One of the best spots to find flamingos is in southern France. In the Camargue, some 10,000 to 15,000 flamingo couples gather each year, feasting on tiny invertebrates in the region’s waters. Some of the birds migrate to North Africa for the winter, while others stick around in France. But staying behind can be deadly. In 1985 and 2012, severe cold spells killed thousands of birds.
Anne-Sophie Deville of the Centre de Recherche de la Tour du Valat in Arles, France, and colleagues wanted to figure out why the flamingos died. Cold can kill in a number of ways, and freezing is only one of them. Deville and colleagues didn’t have any carcasses from the 1985 event, but 30 flamingos that had died during the 2012 event were dissected.
The birds were “extremely lean,” the researchers report October 15 in the Journal of Experimental Biology. Their energy stores were comparable to those of woodcocks that had died from starvation during a bad cold spell. They were also lower than those of mallards in the often-fatal last stage of fasting, when the body consumes the protein in muscles in a last-ditch effort to prevent starvation.
Camargue was really cold during the January 1985 and February 2012 events. The average winter temperatures for the region are around 7 or 8° Celsius, but conditions during the cold snaps were much colder, reaching as low as -10.6° C in 1985 and -6.6° C in 2012. That froze the waterways where the flamingos got their food. But the loss of food wasn’t the only problem — it was the timing.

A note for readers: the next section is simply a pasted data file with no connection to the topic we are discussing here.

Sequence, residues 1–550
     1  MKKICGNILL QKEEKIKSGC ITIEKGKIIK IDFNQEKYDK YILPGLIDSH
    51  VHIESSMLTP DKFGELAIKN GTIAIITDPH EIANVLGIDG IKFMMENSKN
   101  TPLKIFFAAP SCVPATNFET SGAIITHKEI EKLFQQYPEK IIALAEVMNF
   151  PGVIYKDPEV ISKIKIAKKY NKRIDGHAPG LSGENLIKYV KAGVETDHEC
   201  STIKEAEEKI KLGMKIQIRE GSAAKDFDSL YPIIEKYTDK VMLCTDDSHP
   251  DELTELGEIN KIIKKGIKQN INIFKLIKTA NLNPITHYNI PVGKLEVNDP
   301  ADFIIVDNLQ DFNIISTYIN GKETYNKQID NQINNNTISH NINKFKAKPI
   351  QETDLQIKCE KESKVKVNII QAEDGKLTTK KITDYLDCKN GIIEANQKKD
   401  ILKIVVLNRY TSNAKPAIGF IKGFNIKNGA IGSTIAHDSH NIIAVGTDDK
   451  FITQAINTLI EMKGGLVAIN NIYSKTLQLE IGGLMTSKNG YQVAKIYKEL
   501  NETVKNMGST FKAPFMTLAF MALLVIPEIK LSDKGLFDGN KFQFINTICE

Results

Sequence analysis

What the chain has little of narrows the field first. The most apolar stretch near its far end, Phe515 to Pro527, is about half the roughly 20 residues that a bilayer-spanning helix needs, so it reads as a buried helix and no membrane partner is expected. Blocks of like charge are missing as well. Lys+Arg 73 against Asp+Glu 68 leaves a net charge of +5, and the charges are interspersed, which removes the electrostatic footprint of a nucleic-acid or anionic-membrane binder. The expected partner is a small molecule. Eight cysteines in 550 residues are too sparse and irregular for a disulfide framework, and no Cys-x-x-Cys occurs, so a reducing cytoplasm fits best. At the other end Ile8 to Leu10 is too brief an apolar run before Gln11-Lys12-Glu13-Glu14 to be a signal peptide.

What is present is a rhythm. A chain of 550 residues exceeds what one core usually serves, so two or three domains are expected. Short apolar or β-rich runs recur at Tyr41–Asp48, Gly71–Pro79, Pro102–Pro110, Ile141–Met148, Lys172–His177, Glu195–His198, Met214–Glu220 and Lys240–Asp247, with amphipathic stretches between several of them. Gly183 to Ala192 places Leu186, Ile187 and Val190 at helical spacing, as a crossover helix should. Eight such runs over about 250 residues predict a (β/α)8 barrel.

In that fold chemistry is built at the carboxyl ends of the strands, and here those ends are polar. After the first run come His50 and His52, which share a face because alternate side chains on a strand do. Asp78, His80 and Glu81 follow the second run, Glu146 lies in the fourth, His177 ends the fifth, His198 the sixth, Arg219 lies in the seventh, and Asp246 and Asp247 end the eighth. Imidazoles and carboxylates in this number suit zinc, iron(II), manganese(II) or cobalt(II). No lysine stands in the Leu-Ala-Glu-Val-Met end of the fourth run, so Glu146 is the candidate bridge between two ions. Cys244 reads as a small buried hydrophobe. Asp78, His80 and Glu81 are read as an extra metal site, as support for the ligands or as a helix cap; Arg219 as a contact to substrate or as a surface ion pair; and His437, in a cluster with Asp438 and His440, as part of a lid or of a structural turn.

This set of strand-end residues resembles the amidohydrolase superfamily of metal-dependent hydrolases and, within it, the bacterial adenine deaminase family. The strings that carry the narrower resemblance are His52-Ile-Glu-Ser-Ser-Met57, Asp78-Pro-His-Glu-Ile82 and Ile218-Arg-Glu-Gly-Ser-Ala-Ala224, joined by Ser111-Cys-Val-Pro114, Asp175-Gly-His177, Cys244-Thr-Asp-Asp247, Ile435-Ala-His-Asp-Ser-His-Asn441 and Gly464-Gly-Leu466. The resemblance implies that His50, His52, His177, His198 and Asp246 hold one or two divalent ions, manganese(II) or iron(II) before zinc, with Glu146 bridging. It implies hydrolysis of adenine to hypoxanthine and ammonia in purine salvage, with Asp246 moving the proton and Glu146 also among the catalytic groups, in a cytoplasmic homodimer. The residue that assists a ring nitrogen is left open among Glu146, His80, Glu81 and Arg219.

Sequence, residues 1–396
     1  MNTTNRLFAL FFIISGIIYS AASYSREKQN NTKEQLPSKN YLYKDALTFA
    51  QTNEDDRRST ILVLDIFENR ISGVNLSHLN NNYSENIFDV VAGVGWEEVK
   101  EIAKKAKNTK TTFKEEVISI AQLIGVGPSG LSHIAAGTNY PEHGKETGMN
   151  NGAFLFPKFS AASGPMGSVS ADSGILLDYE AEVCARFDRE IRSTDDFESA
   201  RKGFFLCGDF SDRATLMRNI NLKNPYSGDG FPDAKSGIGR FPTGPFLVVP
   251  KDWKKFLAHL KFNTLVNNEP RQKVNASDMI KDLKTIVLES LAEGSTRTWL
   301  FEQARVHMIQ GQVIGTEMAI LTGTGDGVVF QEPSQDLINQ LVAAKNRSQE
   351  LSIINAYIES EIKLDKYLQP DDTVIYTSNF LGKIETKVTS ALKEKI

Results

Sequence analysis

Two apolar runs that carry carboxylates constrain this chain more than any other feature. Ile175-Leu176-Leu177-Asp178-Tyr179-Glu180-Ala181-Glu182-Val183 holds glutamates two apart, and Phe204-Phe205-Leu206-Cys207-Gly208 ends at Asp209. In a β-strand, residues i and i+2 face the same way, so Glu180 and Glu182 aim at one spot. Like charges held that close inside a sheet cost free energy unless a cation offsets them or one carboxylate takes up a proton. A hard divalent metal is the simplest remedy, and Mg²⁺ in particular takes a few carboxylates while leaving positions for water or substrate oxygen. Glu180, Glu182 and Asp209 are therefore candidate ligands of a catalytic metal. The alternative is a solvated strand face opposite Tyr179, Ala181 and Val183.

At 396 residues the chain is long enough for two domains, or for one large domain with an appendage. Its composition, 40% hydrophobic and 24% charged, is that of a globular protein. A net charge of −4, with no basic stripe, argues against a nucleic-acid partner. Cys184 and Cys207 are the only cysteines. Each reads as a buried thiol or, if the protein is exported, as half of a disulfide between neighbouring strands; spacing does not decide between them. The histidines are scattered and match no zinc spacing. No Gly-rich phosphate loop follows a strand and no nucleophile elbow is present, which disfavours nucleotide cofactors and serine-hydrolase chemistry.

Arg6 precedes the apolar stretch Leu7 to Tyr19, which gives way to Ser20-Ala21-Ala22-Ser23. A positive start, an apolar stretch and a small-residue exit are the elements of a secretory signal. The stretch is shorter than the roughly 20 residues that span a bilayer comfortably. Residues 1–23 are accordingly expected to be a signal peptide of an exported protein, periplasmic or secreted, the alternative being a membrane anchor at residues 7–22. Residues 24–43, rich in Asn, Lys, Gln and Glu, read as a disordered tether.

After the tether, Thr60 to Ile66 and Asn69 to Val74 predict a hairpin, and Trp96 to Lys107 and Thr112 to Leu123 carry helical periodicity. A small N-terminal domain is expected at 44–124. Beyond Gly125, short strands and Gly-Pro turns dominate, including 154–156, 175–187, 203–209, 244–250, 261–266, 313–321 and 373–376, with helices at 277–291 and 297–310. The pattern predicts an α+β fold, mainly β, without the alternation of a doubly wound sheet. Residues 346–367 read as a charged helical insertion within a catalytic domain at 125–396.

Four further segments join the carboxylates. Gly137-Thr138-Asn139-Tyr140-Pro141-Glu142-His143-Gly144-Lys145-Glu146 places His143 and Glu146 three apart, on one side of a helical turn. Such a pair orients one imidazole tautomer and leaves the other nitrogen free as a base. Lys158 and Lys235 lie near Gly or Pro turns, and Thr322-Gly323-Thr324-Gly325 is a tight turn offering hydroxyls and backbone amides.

Deville and colleagues calculated the flamingos’ energy needs throughout the year and found that they peak in January. In normal winters, the birds manage to get enough food to survive. But in 1985 and 2012, when their food was cut off, many of the flamingos starved, unable to survive on their fat and protein stores long enough for the water to thaw and give them a good meal.
But if starving to death is a real danger for the birds, why don’t they all migrate south for the winter? Well, migration can be dangerous. And for young birds, staying close to home or migrating only a short distance is actually the less dangerous option. First- and second-year flamingos that attempt the long-distance wintering usually die in greater numbers, researchers reported in 2012 in the Journal of Animal Ecology. It’s only once the birds are older that the long-distance migration strategy pays off and they survive better than brethren that stayed in France, whether there’s a cold snap or not.